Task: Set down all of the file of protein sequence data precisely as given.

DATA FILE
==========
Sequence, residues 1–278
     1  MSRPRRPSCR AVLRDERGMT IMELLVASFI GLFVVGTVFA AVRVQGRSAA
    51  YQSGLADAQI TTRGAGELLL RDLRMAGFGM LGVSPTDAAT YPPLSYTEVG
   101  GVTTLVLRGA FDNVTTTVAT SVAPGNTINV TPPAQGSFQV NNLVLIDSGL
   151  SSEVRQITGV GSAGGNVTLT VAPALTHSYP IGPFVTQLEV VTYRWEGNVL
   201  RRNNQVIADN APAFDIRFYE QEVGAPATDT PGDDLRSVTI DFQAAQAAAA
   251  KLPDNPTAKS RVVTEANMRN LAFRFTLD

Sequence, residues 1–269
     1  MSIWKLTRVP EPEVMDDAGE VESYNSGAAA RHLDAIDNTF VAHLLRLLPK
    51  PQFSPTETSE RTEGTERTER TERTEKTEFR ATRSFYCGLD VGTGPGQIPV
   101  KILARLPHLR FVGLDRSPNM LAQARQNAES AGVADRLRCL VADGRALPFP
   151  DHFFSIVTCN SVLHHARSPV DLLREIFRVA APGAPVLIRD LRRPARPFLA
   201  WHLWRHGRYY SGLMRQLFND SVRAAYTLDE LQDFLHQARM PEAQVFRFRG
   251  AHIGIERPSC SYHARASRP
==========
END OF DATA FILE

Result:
Sequence, residues 1–278
     1  MSRPRRPSCR AVLRDERGMT IMELLVASFI GLFVVGTVFA AVRVQGRSAA
    51  YQSGLADAQI TTRGAGELLL RDLRMAGFGM LGVSPTDAAT YPPLSYTEVG
   101  GVTTLVLRGA FDNVTTTVAT SVAPGNTINV TPPAQGSFQV NNLVLIDSGL
   151  SSEVRQITGV GSAGGNVTLT VAPALTHSYP IGPFVTQLEV VTYRWEGNVL
   201  RRNNQVIADN APAFDIRFYE QEVGAPATDT PGDDLRSVTI DFQAAQAAAA
   251  KLPDNPTAKS RVVTEANMRN LAFRFTLD

Sequence, residues 1–269
     1  MSIWKLTRVP EPEVMDDAGE VESYNSGAAA RHLDAIDNTF VAHLLRLLPK
    51  PQFSPTETSE RTEGTERTER TERTEKTEFR ATRSFYCGLD VGTGPGQIPV
   101  KILARLPHLR FVGLDRSPNM LAQARQNAES AGVADRLRCL VADGRALPFP
   151  DHFFSIVTCN SVLHHARSPV DLLREIFRVA APGAPVLIRD LRRPARPFLA
   201  WHLWRHGRYY SGLMRQLFND SVRAAYTLDE LQDFLHQARM PEAQVFRFRG
   251  AHIGIERPSC SYHARASRP